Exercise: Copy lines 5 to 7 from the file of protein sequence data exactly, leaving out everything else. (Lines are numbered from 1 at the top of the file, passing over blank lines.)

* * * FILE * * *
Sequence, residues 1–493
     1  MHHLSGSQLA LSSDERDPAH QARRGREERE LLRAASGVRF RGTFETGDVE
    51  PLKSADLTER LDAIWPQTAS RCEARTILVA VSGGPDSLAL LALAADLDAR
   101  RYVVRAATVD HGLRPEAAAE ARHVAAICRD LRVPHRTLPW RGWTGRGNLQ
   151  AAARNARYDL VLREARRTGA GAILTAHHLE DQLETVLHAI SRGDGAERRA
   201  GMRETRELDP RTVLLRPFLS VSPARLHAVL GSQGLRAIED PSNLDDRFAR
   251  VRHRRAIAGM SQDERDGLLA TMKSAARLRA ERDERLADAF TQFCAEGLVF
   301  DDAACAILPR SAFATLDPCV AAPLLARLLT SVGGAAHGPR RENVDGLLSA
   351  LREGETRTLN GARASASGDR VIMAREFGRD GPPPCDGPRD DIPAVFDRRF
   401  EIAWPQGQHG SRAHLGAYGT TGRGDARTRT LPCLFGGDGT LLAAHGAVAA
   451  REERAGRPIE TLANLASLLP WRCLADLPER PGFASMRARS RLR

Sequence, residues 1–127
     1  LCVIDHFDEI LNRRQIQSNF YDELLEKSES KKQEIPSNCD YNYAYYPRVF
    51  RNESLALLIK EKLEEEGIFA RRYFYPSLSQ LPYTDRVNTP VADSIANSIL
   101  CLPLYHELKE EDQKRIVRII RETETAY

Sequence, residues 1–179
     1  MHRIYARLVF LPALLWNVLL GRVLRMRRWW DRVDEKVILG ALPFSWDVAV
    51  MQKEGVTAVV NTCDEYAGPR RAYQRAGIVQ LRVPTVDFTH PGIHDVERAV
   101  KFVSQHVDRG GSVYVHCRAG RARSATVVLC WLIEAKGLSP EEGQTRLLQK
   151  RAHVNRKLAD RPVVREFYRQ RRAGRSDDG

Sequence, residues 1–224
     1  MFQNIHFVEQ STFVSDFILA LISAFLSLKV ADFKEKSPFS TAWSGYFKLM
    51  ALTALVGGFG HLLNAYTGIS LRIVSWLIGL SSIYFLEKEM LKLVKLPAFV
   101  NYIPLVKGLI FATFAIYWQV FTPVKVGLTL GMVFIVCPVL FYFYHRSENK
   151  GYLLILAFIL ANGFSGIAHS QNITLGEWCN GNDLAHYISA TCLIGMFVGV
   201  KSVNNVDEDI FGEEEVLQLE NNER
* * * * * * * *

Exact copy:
   151  AAARNARYDL VLREARRTGA GAILTAHHLE DQLETVLHAI SRGDGAERRA
   201  GMRETRELDP RTVLLRPFLS VSPARLHAVL GSQGLRAIED PSNLDDRFAR
   251  VRHRRAIAGM SQDERDGLLA TMKSAARLRA ERDERLADAF TQFCAEGLVF